Loonie up amid rising copper prices, results from eurozone elections

TORONTO – The Canadian dollar closed higher Monday as copper prices clawed back a big chunk of last week’s losses and despite the uncertainty in markets that followed weekend elections that saw ruling parties turfed out in France and Greece.

The commodity-sensitive loonie was up 0.25 of a cent to 100.7 cents US amid a volatile session that had seen the currency fall as low as 100.29 cents US.

Demand concerns continued to pressure oil prices. The June contract on the New York Mercantile Exchange lost 55 cents to US$97.94 a barrel.

But copper was up five cents at US$3.77.

Crude lost more than seven per cent last week and copper almost three per cent last week amid worries about slowing economic conditions.

The commodity-sensitive dollar lost about 1.5 cents last week with the currency also pressured by increasing indications that the Bank of Canada is in no rush to raise interest rates.

Bullion moved down $6.10 to US$1,639.10 an ounce.

Final results showed socialist leader Francois Hollande narrowly defeated incumbent Nicholas Sarkozy with 51.62 per cent of the vote, ending 17 years of right wing government in France. Hollande campaigned on the need for more growth-generating economic policies and less reliance on austerity.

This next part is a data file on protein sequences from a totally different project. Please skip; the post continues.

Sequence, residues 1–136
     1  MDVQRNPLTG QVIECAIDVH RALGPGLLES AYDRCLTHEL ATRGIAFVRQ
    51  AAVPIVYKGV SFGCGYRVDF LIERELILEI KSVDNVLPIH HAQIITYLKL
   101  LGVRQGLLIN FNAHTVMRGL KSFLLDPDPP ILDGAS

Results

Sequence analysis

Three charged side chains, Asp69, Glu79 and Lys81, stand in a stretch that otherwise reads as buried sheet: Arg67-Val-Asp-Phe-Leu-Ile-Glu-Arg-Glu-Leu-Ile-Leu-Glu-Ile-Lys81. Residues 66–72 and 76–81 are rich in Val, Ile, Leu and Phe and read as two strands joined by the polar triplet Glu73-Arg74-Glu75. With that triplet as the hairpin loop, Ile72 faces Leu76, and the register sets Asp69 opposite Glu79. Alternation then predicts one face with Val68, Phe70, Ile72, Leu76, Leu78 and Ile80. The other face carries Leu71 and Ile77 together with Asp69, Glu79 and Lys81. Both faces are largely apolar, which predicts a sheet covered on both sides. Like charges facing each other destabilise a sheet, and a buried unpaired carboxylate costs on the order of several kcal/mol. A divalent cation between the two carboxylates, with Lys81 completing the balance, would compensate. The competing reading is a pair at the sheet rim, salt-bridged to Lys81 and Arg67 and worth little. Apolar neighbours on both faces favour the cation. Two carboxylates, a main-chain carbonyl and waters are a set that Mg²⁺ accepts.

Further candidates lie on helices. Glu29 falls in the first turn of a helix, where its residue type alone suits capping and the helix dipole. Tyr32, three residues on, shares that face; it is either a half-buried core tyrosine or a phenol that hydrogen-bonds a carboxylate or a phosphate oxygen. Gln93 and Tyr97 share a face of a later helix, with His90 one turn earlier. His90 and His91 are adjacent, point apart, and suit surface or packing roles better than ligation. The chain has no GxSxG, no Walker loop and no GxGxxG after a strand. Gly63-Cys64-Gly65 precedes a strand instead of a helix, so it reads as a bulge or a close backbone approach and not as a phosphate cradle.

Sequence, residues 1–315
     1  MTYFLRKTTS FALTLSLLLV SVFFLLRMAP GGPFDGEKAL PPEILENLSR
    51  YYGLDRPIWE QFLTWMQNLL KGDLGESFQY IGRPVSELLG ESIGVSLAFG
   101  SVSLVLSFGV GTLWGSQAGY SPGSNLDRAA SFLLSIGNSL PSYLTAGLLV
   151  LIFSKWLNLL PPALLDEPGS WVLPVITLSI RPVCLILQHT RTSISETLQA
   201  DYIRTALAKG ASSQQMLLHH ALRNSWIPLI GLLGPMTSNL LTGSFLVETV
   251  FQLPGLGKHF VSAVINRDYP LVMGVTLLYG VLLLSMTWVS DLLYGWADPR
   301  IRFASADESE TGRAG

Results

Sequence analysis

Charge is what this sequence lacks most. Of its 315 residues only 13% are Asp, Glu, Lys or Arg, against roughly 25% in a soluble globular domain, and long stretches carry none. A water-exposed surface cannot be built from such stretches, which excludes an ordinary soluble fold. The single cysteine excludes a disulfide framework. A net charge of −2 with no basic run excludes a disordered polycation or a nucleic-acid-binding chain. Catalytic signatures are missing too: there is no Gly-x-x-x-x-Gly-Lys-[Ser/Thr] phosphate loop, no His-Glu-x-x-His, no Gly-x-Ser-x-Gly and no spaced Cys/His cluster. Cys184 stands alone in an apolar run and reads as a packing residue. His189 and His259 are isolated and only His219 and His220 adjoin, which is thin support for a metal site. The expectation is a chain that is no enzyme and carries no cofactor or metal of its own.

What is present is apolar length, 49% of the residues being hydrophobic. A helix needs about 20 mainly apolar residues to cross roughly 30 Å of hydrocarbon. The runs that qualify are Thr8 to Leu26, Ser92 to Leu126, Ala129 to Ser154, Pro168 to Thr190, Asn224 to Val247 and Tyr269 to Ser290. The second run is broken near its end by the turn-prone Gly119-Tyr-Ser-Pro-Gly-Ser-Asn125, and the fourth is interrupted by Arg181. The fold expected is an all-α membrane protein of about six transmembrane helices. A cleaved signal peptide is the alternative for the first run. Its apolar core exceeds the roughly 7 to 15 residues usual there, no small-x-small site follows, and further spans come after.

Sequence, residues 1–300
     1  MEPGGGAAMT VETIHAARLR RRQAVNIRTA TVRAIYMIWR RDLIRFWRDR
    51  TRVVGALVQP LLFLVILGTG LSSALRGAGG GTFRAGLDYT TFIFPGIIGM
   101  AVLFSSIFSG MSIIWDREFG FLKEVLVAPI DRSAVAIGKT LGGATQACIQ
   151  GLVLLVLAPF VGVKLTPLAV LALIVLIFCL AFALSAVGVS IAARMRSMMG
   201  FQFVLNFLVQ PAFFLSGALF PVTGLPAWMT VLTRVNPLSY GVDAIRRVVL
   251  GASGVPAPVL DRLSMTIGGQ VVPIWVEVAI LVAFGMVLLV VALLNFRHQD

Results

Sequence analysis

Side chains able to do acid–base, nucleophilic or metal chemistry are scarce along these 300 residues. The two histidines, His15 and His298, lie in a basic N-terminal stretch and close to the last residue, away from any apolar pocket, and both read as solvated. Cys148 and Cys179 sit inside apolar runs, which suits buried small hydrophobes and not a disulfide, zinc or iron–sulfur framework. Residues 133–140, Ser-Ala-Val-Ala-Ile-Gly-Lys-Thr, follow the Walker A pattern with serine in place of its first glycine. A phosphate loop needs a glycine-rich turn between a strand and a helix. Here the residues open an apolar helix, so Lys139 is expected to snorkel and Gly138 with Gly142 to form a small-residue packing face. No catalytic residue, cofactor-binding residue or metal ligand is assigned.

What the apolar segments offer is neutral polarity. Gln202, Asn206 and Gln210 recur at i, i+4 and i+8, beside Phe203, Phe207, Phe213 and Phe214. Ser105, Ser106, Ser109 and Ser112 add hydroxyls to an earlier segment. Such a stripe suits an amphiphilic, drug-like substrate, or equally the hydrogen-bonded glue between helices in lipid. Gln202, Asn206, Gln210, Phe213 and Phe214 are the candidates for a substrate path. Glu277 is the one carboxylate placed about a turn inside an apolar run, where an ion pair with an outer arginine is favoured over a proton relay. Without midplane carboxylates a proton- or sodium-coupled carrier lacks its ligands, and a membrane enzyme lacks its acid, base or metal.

But investors were particularly worried by the election in Greece, which resulted in a split Parliament with no party likely to be able to form a government. The two parties that governed as a coalition for the past six months and pushed through tough austerity measures to secure crucial bailouts were pummelled to the benefit of more extreme parties of the right and left.

The socialist Pasok party suffered the biggest retreat. Its share of the vote collapsed from around 43 per cent in the last election in 2009 to a little over 13 per cent.

A period of uncertainty looms for the bailed-out country, which is in its fifth year of recession and has over half its youth out of work following big spending cuts and tax increases in return for crucial international bailout funds.